The Art of Racing in the Rain by Garth Stein is next up on our 100 Bestsellers List reading challenge. This novel is categorized as Literary Fiction.
This post contains spoilers.
The Art of Racing in the Rain by Garth Stein
(*Amazon Affiliate link)
I Am Ready
The Art of Racing in the Rain is a rather unusual story, in that it’s told from the viewpoint of a dog, Enzo. Enzo belongs to Denny Swift, an up-and-coming race car driver. But Enzo knows he isn’t just a dog; he’s a dog on the cusp of being reincarnated as a man. Enzo watched television and he heard on a program about Mongolia on National Geographic Channel that, “When a dog is finished living his lifetimes as a dog, his next incarnation will be as a man.”
Not all dogs return as men, they say; only those who are ready.
I am ready.
Racing is a major theme in this novel by Garth Stein. Every major plot turn is prefaced with a short chapter describing some aspect of driving a race car. As a reader that is a race fan, I really enjoyed these chapters that give insight to how a race car driving thinks and reacts when on the track. Early in the book Denny explains to his wife Eve why he is able to race in the rain more successfully than many other drivers:
“When I was nineteen,” Denny said after a moment, “at my first driving school down at Sears Point, it was raining and they were trying to teach us how to drive in the rain. After the instructors were finished explaining all their secrets, all the students were totally confused. We had no idea what they were talking about. I looked over at the guy next to me–I remember him, he was from France and he was very fast. Gabriel Flouret. He smiled and he said: ‘That which you manifest is before you.’ “
This is a recurring thought throughout the novel, “That which you manifest is before you.” Sounds a bit New Age, doesn’t it? But Enzo contemplates on Denny’s statement and I have to agree with his conclusion:
Such a simple concept, yet so true: that which we manifest is before us; we are the creators of our own destiny. Be it through intention or ignorance, our successes and our failures have been brought on by none other than ourselves.
Creators of Our Own Destiny
Roberta stated in her Writer’s Review that she felt manipulated by the string of bad luck that Denny endured. Was it all bad luck, though? When Eve became ill, it seemed logical to Denny that Eve and Zoe should with Eve’s parents. Eve’s parents had more money to provide care, more space for hospital beds and such, and they were retired, so they had the time to devote. How would Denny cope with illness and hospital beds and Zoe’s care and still be able to work? And yet he was setting himself up for long-term heartache and legal troubles.
We are the creators of our own destiny. Be it through intention or ignorance, our successes and our failures have been brought on by none other than ourselves.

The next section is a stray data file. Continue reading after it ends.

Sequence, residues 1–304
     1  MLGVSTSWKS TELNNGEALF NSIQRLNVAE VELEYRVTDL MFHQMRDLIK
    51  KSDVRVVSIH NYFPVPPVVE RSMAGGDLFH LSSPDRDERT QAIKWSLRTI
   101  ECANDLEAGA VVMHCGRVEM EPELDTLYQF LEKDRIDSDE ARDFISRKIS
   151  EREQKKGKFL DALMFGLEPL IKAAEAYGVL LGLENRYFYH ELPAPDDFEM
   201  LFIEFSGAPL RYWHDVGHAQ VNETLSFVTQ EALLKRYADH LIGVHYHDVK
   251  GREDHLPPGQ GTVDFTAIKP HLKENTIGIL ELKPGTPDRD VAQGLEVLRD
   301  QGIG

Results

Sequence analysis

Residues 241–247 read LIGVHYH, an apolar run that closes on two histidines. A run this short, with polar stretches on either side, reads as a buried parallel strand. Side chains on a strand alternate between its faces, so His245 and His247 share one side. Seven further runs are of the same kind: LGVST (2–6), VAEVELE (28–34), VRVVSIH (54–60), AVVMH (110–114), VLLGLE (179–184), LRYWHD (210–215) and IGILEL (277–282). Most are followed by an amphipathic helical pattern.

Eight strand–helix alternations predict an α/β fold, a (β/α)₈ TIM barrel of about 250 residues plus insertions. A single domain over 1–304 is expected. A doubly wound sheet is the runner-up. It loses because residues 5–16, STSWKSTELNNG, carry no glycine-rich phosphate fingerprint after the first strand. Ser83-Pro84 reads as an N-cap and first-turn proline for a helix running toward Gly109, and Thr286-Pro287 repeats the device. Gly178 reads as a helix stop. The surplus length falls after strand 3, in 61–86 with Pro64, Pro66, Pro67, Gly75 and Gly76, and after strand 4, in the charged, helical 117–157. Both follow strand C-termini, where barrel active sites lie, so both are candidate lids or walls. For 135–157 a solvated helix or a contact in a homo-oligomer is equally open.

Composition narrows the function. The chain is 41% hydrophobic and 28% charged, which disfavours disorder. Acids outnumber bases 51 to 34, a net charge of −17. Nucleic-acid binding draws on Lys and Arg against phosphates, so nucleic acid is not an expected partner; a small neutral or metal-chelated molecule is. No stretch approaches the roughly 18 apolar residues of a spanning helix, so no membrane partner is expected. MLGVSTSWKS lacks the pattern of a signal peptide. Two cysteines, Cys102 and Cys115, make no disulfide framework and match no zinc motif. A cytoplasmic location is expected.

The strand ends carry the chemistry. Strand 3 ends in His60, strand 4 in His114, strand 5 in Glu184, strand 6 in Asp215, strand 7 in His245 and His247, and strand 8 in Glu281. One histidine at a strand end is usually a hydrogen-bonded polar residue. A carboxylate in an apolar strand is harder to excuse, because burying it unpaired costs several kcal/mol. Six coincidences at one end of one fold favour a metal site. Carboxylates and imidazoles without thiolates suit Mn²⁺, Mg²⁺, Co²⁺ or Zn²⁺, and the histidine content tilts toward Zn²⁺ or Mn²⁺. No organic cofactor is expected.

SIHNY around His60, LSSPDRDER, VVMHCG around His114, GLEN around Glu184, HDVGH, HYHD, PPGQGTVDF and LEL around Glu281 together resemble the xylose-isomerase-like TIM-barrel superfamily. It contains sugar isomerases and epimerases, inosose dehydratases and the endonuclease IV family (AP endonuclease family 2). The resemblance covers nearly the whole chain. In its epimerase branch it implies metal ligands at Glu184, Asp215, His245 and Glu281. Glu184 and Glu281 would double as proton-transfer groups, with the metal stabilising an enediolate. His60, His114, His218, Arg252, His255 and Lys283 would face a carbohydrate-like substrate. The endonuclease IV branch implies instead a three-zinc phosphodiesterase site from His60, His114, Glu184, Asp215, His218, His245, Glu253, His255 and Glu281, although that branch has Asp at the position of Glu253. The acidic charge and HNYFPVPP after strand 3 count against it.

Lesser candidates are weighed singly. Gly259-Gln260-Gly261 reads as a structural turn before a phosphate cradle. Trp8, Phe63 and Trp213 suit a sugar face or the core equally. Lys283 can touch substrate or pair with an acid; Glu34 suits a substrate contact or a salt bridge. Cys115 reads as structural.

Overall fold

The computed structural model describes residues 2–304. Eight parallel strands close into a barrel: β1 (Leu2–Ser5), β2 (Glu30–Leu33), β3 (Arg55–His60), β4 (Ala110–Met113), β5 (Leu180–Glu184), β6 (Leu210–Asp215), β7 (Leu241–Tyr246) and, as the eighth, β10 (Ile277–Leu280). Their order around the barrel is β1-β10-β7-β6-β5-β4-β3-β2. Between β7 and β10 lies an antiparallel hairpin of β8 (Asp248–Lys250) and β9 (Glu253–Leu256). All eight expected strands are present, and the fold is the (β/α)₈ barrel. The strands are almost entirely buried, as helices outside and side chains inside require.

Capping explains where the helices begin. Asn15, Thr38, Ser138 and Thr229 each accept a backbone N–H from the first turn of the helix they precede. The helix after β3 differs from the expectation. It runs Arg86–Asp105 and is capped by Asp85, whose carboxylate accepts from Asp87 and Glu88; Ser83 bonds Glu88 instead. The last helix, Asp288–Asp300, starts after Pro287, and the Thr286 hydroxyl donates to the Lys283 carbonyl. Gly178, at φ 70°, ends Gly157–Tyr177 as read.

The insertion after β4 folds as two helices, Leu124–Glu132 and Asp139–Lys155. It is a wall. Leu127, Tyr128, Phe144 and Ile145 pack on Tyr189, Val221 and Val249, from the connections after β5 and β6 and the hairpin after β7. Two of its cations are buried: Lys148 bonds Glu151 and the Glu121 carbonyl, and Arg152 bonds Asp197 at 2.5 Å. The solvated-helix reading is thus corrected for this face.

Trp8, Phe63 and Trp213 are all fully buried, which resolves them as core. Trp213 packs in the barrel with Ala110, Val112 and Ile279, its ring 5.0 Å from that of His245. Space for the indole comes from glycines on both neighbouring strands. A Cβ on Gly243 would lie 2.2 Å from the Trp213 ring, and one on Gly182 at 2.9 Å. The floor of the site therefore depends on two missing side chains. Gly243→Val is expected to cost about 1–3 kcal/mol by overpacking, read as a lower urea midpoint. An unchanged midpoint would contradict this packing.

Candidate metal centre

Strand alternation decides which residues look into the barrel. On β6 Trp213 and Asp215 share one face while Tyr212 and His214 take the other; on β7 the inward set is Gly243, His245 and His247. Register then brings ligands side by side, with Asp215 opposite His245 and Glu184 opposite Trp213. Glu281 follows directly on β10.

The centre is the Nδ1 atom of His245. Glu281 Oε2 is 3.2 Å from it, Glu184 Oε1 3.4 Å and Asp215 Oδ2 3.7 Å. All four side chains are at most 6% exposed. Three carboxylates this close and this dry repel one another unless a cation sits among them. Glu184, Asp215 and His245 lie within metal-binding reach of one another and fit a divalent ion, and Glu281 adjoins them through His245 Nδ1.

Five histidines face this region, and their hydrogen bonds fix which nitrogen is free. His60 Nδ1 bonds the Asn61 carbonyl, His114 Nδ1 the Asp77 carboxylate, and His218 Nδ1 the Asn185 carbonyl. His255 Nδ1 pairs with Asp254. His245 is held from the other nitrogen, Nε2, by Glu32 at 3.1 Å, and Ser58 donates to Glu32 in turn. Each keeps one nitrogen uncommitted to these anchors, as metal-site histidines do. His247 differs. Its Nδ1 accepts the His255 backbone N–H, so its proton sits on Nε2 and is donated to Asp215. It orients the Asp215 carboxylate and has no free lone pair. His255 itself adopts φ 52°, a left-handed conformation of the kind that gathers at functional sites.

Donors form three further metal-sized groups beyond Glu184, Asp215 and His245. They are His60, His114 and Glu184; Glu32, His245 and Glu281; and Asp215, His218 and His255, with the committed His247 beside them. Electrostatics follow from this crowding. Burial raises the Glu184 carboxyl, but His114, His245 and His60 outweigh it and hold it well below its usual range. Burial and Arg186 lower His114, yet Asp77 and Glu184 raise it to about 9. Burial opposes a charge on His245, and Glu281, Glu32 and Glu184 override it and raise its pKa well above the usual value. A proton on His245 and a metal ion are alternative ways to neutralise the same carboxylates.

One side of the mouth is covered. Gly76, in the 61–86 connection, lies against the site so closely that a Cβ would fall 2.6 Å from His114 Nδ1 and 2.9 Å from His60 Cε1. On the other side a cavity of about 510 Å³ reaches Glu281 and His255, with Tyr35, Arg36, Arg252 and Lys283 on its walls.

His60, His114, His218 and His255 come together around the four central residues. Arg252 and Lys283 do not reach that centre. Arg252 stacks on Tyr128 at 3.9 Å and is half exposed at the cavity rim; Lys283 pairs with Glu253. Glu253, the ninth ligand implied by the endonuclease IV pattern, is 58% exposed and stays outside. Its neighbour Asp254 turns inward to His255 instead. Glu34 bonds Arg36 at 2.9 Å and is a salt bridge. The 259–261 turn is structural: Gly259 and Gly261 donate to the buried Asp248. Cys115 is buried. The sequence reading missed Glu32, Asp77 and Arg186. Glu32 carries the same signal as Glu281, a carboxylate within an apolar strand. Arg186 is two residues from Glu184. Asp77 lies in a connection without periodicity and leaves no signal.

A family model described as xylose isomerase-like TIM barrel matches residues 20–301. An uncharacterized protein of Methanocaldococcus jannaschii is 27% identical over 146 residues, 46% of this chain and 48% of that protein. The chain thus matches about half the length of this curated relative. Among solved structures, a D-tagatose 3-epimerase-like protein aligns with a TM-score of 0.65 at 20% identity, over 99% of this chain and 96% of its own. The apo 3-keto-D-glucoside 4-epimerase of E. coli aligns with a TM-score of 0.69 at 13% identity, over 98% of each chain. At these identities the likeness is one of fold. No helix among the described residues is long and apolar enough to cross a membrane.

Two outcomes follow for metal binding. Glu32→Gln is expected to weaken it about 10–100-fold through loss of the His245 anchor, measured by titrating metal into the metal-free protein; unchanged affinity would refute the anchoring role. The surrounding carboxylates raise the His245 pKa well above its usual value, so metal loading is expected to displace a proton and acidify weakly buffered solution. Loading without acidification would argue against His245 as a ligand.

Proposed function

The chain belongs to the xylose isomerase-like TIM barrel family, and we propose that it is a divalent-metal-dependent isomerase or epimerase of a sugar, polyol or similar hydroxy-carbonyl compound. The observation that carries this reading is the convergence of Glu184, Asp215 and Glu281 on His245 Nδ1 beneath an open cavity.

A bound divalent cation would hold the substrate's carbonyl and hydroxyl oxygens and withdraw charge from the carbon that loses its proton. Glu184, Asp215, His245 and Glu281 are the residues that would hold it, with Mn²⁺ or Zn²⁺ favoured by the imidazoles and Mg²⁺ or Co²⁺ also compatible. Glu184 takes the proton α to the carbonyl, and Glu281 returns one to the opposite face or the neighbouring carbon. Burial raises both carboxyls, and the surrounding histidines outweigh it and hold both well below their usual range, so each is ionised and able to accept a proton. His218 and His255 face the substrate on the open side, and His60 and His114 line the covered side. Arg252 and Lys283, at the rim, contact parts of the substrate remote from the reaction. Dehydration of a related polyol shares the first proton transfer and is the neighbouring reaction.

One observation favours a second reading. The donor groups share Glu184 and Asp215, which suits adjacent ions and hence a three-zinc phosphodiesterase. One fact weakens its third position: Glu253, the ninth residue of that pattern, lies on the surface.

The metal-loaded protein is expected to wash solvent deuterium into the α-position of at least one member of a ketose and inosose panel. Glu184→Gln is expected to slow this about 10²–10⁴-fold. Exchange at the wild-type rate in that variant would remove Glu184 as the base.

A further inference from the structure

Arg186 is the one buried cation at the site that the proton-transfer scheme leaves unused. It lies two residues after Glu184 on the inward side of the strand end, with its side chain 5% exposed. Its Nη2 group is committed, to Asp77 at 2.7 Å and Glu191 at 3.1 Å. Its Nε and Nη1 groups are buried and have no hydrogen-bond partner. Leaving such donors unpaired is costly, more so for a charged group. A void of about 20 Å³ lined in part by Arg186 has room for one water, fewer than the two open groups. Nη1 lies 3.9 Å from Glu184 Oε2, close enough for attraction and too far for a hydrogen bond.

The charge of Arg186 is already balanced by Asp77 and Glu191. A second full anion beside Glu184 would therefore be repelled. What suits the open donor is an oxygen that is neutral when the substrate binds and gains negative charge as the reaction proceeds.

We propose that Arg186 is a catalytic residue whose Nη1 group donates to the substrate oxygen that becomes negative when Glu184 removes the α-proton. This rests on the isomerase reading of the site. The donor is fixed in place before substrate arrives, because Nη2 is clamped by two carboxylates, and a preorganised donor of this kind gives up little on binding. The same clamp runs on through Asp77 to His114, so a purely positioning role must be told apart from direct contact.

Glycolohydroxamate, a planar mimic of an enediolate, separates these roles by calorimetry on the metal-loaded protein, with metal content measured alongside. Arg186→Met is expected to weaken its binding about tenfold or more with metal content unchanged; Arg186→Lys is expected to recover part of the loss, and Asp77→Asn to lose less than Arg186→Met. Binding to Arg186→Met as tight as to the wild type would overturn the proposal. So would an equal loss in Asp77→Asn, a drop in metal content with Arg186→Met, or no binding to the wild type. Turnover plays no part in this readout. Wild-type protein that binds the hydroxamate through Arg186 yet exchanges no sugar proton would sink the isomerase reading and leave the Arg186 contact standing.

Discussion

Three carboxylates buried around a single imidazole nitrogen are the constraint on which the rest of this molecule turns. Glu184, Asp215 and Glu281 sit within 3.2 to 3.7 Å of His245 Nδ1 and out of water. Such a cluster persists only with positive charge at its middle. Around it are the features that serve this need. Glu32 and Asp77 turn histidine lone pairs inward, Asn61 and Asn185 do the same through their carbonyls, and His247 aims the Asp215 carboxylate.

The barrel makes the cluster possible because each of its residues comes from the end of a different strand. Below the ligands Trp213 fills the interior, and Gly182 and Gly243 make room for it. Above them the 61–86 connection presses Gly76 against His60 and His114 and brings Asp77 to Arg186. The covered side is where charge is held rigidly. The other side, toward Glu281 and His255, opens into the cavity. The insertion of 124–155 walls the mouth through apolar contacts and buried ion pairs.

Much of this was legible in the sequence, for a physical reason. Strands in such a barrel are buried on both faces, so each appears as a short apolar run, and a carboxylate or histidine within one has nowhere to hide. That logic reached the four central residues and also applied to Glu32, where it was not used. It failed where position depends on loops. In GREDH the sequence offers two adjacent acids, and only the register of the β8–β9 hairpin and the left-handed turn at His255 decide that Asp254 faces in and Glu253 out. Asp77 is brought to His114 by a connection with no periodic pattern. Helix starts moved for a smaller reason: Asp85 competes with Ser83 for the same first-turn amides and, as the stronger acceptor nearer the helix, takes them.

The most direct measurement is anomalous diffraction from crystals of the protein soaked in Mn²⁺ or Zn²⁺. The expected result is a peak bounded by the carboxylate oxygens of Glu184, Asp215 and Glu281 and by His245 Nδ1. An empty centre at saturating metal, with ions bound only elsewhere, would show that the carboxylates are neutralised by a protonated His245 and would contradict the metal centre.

Enzo, Race Car Driver?
Throughout Eve’s illness and then the subsequent custody battle, Enzo does his best to provide Denny with moral support and companionship. In one memorable scene near the end of the novel, Enzo is able to change Denny’s mind when Denny has decided to give up on the custody battle, and the way he does so makes his message impossible for Denny to misunderstand.
I first read this book in 2012 and enjoyed it thoroughly then. Five years later, I found it to be just as enjoyable. Enzo does his best to provide Denny with moral support and companionship. In one memorable scene, Enzo is actually able to change Denny’s mind when Denny has decided to give up on the custody battle. In the last chapter, we discover whether Enzo was successful in his desire to be reincarnated as a human, and more specifically, a race car driver. Was he ready? I hoped all along that he was.
- Book-beginnings, a discussion of the first line of the novel
- Karen’s review from a reader’s perspective
- Roberta’s review from a writer’s perspective
You can also join us on social media:
- The Bestseller Code 100 Pinterest Page
- Twitter: #BestsellerCode100
- Facebook: Bestseller Code 100 Reading Group
- The full list is now posted on GoodReads
Have you written about The Art of Racing in the Rain by Garth Stein? Feel free to add a link to your review in the comments.
What are we reading next?
If you ever have questions about what we are reading next or when we’re starting the next discussion, check the 100 Book List tab in the navigation bar at the top of the blog. Links in the list go to the landing page from this blog where the discussion starts. However, this is an open-ended challenge so feel free to jump in with any of the books at any time.
The next book is number 80. Dead in the Family by Charlaine Harris (2010) – Discussion begins August 21, 2017